The older you get, the more wisdom you acquire – so one could argue that it’s good news that the United States is getting older as a country. While the insurance industry doesn’t always see it that way (according to MarshBerry, insurance companies will have to hire five new producers for every veteran producer who will be leaving in the next decade), the value of these industry veterans can’t be denied.
IBA’s fifth annual Hall of Fame includes 24 executives, innovators and entrepreneurs who have risen from a variety of backgrounds to establish themselves as leaders in the insurance industry. And in the face of a mass wave of retirements from the industry, they’re determined to help pass on their knowledge to young professionals who are just getting started in insurance.
“There is no comparison in terms of experience, expertise and skills, as those are all phenomenal assets which have been developed over time by the Hall of Famers,” says Margaret Redd, executive director of the National African American Insurance Association (NAAIA), a 2020 Hall of Famer and a member of this year’s Hall of Fame judging panel. “However, so many in this younger generation have the passion, the intellectual capacity and the desire to have real and significant impact upon our today and our future.
“These young people have come of age in the tech era, and that gives them an edge. They have also faced major crises like the ‘twindemics’ of 2020 – COVID and the raised awareness for systemic injustices around the country and the world. As a result, they have an appreciation for their ability to have an impact upon their lives and others’. They have seen companies make tremendous operational and strategic shifts in their business models, seemingly overnight, and so they have built muscle in the face of change and our ability to navigate change.”
Fellow Hall of Fame panelist Kevin Davis, president of Kevin Davis Insurance Services, an Amwins company, echoes those sentiments.
“The younger generation appears to use technology and data to solve problems, and sometimes quite effectively, while we – the individuals who have been around for a while – tend to use our contacts, our knowledge, and experience and intuition as a way of solving a problem,” he says. “That can also be quite effective.”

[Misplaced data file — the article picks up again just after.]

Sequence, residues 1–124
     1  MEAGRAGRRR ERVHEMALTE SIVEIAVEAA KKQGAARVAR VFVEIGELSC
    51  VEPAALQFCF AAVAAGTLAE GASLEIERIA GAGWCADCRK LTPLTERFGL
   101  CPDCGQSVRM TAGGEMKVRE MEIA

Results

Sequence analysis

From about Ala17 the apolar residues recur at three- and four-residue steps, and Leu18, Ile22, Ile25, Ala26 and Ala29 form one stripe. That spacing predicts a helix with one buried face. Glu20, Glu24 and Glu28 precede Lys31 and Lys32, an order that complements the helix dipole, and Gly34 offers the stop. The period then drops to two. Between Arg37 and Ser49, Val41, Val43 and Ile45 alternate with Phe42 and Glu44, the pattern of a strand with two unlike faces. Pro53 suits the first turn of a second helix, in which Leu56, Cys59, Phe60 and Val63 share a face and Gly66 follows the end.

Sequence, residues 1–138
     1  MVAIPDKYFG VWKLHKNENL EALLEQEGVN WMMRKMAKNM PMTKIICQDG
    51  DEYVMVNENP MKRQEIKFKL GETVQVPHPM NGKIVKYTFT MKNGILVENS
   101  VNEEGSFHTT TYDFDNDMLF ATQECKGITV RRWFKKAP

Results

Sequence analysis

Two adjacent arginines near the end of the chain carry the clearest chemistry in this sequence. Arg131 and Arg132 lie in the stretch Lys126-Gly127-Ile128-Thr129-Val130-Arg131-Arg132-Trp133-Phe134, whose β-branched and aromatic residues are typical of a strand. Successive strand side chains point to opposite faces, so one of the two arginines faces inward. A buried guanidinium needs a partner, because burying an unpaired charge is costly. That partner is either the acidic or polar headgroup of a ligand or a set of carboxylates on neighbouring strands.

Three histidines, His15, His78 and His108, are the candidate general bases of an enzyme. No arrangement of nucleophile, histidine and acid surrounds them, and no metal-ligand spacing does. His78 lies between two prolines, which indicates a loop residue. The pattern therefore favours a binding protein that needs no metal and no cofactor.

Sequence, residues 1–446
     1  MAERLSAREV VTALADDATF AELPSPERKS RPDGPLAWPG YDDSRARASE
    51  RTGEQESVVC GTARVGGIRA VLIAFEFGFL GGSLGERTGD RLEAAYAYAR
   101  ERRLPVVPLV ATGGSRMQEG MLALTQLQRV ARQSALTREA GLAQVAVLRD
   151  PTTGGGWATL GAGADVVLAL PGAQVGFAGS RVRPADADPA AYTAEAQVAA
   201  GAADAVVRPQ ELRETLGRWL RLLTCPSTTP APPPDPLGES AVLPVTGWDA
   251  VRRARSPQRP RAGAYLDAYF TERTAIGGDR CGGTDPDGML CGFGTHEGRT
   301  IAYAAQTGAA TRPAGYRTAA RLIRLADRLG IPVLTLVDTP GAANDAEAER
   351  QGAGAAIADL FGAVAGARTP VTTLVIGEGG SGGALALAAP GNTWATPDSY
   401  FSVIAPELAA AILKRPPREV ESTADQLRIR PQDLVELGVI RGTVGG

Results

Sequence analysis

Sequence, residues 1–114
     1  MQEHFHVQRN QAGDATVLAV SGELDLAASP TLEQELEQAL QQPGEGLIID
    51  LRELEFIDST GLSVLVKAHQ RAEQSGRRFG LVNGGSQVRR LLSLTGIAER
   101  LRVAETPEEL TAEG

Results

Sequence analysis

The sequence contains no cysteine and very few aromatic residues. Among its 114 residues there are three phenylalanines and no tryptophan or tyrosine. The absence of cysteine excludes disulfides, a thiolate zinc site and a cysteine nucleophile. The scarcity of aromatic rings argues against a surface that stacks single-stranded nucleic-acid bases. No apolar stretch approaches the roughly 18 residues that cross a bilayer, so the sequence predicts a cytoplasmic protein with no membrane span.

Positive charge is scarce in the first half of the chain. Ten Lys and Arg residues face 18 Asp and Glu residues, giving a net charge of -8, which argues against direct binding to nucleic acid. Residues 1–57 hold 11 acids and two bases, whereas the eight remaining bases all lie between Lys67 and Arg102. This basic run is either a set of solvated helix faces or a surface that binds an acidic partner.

As panelists, Redd and Davis had the opportunity not only to evaluate this year’s Hall of Fame nominees, but also to nominate people themselves. Redd sought out a wide range of candidates, from results-oriented progressive thinkers to those with a strong commitment to diversity, equity and inclusion or community service. Meanwhile, Davis looked for leadership skills, experience and the ability to stay relevant.
Clients come first
Among the two dozen inductees into this year’s Hall of Fame, the importance of doing right by clients was a common thread.
“As an insurance broker, my goal is to bring the best the worldwide insurance marketplace has to offer to my clients, regardless of commission percentage or profit-sharing arrangement,” says Matthew Cooper, president of Inner-City Underwriting Agency. “Spend as much time as it takes to make sure the client understands what he/she is buying and how their wealth is being protected.”
In addition to founding Inner-City Underwriting Agency more than 25 years ago, Cooper has also launched Inner-City Wrap, a construction wrap-up insurance administration and placement service company that is, among other things, providing the wrap-up insurance for the construction of the Obama Presidential Center. He’s also proud to have expanded the distribution of insurance to all Chicago neighborhoods and to have provided a business model that agencies and insurance companies have copied to expand distribution in other cities.
aFellow Hall of Famer Ed Levy, who retired from the industry in 2018 after a 40-year career and currently serves on the board of insurtech Openforce, likewise says he has “always been focused on doing the right thing. To do this, you need to know the marketplace, including your competition’s abilities. You need to know coverages, and you need to make sure the insured is actually getting something that fits their needs.”